A few months later, Jose had more to say about that day, when he wrote: “I am happy for the day that you came to visit me in Nicaragua to know me. We share that day together, and it was beautiful. I will never forget it. I am thankful to God to have a sponsor like you. At the school, I told all my classmates about your visit here to Nicaragua. We had a great time together, and it was a fun day.”

A little more to the point, Esteban, 9, of Nicaragua, wrote: “I thank you very much for your visit. It was a special day.”

And as only a 3-year-old could sum it up, Jefry’s letter said: “Jefry says it was fun to drive the race car with you.”

I’m still receiving letters from my children in Guatemala about that visit.

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Hania smiled all day.

A letter I received from Hania, 9, of Guatemala, said: “Hania wants to tell you that she is very happy for your visit in July. She thanks you for meeting her personally, also for the dolls, dresses, ball, backpack and for all that you gave her. She will never forget you, and that day she had a good time, and she was very happy.”

My son Logan, who traveled with me to Guatemala, met his own sponsor child there.

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Logan and Osmar say goodbye to each other.

His child, Osmar, 13, wrote: “Thank you for the pictures you sent me and for coming to see me, which was an unforgettable day for me. I loved to make competitions with you in the inflatable games, to play ping pong and hide-and-seek and many other things. That day I was so nervous, but I was happy to see you at the door.”

Unforgettable, happy, special, nervous, fun, beautiful, thankful – their words match my own in describing our meetings.

If you can make it happen, visit your child! The experience will be priceless. And if you don’t sponsor a child, yet, you can do so by clicking here.

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Winston shows off a bracelet my daughter made for him.

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Logan brought Osmar his own Dodgers jersey and hat.

 

 

 

When God’s Plans are Better than My Plans

Sometimes God’s gifts are obvious, and they fit perfectly into my plans: a healthy newborn baby; a loved one returning safely from a war zone; a cancer scare for a dear family member that turns out fine. Huge life moments when you fall to your knees in thanks for the outcome.

But what about those gifts that are not only unexpected, but don’t even really register on your wish list because they don’t fit into your plans?

Jefry coming into my life was one of those gifts, unplanned by me, but not by God.

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Jefry’s official Compassion photo.

He stood out in a stack of five child folders I received just two months before visiting Nicaragua. At three years old, he was almost exactly one year younger than my youngest son, and had a birthday just a few days before my son’s.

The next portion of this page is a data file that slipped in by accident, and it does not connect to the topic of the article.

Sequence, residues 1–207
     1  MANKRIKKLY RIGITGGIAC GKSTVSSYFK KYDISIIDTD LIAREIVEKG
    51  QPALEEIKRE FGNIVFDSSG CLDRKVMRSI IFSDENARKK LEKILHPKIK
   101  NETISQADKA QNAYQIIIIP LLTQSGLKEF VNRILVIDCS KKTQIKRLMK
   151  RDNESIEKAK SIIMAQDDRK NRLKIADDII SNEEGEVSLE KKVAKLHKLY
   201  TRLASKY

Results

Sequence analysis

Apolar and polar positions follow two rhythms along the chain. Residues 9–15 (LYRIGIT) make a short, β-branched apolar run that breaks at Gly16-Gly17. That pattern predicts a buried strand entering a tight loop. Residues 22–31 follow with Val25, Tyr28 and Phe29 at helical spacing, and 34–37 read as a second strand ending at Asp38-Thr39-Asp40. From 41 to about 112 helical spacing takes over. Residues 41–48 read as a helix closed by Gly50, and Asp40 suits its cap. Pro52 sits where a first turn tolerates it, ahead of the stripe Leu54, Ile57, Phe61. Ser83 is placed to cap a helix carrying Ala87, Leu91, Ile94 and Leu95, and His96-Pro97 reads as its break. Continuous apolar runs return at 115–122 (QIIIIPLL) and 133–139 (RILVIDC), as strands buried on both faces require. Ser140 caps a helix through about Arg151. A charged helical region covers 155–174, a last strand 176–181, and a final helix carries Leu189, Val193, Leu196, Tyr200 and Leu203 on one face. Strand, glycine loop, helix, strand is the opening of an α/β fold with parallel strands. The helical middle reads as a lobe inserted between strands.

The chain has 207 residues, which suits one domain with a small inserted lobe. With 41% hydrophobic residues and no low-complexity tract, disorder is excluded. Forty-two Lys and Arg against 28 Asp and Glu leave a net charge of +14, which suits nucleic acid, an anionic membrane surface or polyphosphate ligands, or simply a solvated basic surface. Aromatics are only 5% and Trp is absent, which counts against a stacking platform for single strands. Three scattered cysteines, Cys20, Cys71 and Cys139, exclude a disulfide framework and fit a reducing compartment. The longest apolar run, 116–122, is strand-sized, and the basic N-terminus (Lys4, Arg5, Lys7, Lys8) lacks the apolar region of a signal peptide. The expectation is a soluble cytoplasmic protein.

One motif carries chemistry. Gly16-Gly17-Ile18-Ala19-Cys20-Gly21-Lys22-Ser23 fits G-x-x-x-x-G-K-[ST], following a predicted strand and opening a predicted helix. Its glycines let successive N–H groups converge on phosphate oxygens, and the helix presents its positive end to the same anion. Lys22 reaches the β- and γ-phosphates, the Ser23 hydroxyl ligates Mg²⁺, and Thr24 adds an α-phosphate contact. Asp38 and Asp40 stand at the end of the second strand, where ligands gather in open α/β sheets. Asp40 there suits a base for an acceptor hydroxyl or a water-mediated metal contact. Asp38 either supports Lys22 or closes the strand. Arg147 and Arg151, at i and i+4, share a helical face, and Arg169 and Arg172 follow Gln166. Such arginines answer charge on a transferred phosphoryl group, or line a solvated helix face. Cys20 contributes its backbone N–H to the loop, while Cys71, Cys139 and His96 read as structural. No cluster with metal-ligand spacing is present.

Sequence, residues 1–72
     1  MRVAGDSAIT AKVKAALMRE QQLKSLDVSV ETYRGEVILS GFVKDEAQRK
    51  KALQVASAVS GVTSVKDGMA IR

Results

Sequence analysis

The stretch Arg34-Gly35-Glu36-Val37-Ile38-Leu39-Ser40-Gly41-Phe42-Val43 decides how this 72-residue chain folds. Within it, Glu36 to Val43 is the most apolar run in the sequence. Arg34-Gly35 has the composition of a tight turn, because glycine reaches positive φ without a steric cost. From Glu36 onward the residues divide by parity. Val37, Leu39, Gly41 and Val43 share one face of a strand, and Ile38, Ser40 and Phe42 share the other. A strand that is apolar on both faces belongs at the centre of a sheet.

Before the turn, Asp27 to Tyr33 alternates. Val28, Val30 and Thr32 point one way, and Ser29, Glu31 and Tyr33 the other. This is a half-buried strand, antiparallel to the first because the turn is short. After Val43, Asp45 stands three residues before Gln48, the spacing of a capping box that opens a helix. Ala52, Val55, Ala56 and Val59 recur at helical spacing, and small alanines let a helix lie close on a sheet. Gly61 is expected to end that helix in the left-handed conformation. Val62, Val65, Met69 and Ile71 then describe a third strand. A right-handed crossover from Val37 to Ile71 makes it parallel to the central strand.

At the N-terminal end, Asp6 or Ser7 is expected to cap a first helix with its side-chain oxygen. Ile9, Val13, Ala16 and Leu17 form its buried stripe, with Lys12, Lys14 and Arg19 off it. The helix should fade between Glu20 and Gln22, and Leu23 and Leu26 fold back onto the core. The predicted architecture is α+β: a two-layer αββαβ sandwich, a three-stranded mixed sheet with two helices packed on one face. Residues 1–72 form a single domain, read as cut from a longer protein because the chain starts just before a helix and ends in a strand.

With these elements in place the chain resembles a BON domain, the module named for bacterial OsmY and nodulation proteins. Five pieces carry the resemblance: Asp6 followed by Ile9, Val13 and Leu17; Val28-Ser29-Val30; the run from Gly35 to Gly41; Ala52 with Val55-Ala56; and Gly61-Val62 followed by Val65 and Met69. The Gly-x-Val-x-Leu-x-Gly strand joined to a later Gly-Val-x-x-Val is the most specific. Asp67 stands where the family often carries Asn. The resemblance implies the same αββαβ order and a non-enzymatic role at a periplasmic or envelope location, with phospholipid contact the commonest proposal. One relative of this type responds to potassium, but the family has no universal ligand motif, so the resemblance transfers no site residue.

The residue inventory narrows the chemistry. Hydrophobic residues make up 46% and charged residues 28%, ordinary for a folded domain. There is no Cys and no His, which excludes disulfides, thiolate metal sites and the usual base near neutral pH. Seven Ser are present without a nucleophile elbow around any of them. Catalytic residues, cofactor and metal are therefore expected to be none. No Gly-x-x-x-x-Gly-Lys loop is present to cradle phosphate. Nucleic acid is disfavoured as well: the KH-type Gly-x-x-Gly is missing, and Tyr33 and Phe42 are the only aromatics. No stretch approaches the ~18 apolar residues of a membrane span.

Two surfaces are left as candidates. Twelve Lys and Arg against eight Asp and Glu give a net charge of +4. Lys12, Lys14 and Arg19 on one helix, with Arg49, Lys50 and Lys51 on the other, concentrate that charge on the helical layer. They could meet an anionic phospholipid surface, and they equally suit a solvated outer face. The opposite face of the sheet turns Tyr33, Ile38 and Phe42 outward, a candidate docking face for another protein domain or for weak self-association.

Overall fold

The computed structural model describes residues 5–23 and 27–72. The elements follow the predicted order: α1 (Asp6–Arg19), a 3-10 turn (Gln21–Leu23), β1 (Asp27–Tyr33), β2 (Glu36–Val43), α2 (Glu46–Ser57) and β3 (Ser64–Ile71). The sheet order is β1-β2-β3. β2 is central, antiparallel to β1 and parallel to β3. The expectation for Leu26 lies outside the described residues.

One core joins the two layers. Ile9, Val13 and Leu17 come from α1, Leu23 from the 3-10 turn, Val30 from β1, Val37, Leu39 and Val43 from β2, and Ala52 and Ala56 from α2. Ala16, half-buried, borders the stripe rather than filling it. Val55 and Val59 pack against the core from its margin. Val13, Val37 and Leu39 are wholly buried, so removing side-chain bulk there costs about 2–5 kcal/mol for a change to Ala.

Jefry looked apprehensive in his photo, maybe even shy, his skinny legs peeking out of his shorts, baby toes showing in his little red sandals. I thought how I’d love to sponsor this little boy, but I set aside his folder on the table.

Later my husband walked by the table, and he noticed Jefry’s photo, too. “Who is this,” he asked. I said, “You’re drawn to him, too, aren’t you? He’s a cutie.”

But we had no plans to sponsor another child so close to my upcoming trip with Compassion. I already had two children on my list for child visit day, and had been collecting gifts to bring to them, and I was saving a spot in our budget to sponsor another child while on the trip.

So, as planned, I scanned in Jefry’s photo, and along with the four other child folders, posted his information on my blog, hoping to find him a sponsor.

In less than a day, a man contacted me and said he wanted to sponsor one of the children whose photos I had posted. I asked which child, and he said to just choose for him. He also agreed to have me assigned as his child’s correspondent, so I would write to the child while he was the financial sponsor.

Any guesses who I chose? Two months later, I was meeting Jefry for the first time.

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Meeting Jefry for the first time.

Just like in his photo, he looked shy as he approached. One of my other boys, Esteban, held Jefry’s hand and led him to me. After our first hug, “shy Jefry” disappeared.

It turned out that timid little guy actually had mischief in his eyes, beautiful dimples that flashed with plentiful smiles, and a whole lot of energy. He was on the go non-stop!

I often pray for his beautiful mother, Gloria, that she would have the energy to keep up with her little firecracker, as I saw him test and challenge her many times that day.

He carried a “traca traca”, two balls connected by a string, stuffed impossibly into his little jeans pocket.

He crashed into a glass door, which knocked him flat on his back and left a small red bump on his forehead, but he didn’t miss a beat.

This boy tackled every new experience throughout the day with enthusiasm, from his first go-cart ride as my passenger, to driving his own boat in circles, to a boat ride with me as we chased my son and other sponsor children to squirt them with our water cannon, causing him to laugh loudly.

He overcame his fear of the jumping castle as we bounced inside it during a rain shower, soaking wet and laughing.

He strapped on roller skates and flung his legs wildly, held up by the arms between his mother and our translator, eyes sparkling and only half-heartedly trying to skate, but obviously enjoying his legs wildly flailing around.

He repeatedly stuck his thumb in his mouth during photos to tease his mother.

He wanted to play baseball immediately upon receiving the glove and ball I brought for him.